Divisions between old and new Europe were reignited yesterday as the Czech Republic went into battle against western European countries over the site of an EU space agency.
The dispute, which threatens to derail a summit of European leaders tomorrow, has echoes of previous bitter arguments over the allocation of EU bodies - which bring prestige as well as millions in revenue.
This time the authorities in Prague have threatened to veto any decision which hands the new authority supervising Galileo, the EU's satellite navigation project, to an old EU country.
Cardiff is a front-runner from old Europe - one of 11 potential sites including Barcelona and Munich.
The horse-trading that surrounds the siting of European agencies is legendary and has provoked spectacular bust-ups.
On one occasion the former Italian prime minister, Silvio Berlusconi, blocked Finland from gaining a European food safety agency, claiming "Finns don't even know what prosciutto is".
After deadlock over the site for the Galileo supervisory authority at a meeting yesterday, Prague accused old EU countries of reneging on a deal under which the new, mainly former Communist, nations were promised priority over future decisions.
The Czech Prime Minister, Mirek Topolanek, plans to raise Prague's candidacy for the agency at tomorrow's meeting of the European Council, where all 25 EU heads of government will gather. He points to a pledge made by EU heads of government in 2003, when they agreed to carve up sites of a host of agencies among themselves, shortly before the 10 new member states joined the union.
At the time, the EU leaders said that as far as future decisions were concerned, they would "agree to give priority to acceding states".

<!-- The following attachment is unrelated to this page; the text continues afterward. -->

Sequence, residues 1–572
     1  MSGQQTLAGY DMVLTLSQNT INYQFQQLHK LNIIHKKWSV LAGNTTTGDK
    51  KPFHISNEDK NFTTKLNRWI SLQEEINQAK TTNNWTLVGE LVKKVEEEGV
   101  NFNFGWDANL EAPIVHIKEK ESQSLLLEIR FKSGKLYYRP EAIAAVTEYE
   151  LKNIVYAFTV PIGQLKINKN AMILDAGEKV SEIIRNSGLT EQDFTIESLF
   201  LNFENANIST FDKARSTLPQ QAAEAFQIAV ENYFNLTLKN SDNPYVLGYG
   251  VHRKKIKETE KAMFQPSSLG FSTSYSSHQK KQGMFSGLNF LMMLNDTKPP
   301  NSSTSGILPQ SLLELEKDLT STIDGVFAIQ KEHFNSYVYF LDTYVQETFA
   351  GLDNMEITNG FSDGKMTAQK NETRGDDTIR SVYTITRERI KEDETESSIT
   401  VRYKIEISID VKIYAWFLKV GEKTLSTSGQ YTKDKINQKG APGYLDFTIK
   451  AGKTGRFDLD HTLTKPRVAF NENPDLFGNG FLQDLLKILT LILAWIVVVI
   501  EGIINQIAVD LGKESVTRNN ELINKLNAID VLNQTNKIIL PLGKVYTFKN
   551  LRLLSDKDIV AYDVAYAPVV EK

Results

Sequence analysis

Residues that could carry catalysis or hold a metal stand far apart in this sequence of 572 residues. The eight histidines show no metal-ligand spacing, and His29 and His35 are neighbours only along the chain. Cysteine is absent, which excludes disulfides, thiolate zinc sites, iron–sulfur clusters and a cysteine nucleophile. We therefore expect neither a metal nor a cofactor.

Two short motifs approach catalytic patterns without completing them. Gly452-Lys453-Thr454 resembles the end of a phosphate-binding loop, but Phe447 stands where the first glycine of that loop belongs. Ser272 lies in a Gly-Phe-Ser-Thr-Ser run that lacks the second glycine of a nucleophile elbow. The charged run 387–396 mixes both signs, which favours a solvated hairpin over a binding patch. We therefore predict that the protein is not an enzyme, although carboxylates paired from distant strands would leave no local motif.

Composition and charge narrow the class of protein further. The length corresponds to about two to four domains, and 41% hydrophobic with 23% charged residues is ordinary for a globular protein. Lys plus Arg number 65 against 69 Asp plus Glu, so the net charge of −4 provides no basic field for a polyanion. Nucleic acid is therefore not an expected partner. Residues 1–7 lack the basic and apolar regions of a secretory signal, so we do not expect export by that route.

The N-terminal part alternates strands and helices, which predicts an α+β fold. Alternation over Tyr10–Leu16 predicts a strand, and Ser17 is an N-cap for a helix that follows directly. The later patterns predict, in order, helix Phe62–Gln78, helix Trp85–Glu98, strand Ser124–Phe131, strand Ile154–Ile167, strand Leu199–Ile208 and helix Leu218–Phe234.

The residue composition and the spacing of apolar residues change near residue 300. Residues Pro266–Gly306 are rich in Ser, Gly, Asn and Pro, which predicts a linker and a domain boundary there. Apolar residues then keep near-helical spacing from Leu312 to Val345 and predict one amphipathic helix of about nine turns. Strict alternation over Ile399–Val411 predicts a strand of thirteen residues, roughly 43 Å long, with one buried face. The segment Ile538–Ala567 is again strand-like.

The Czech Transport minister, Ales Rebicek, said yesterday the deal had been called into question by "all of the countries that are candidates" and by "a group of old member countries". Jana Reinisova, the deputy ambassador of the Czech Republic to the EU, said that in "some way it will be raised at the [European] council".
Two other new member states have put forward potential sites for the authority: Slovenia, which proposed Ljubljana, and Malta, which bid for Valletta. Jan Kohout, the Czech ambassador to the EU, said Cardiff's bid was the strongest from old Europe.
The Czechs are angry that some old member states have raised the issue of security for the agency. Galileo is the rival to the US global satellite navigation system and the inference is that the new member states might allow America access to secret information.
Finland, which holds the EU presidency, said it would try to avoid making Galileo a summit issue. It knows that debate could degenerate into an angry dispute.
Susanna Huovinen, Finland's Transport minister, said the 2003 decision to prioritise the new nations should apply unless EU heads of government overturned it. "The matter will not be on the agenda of this week's summit," she said.
Though the presidency can control the agenda, it cannot prevent a head of government raising any issue he or she wants.Reuse content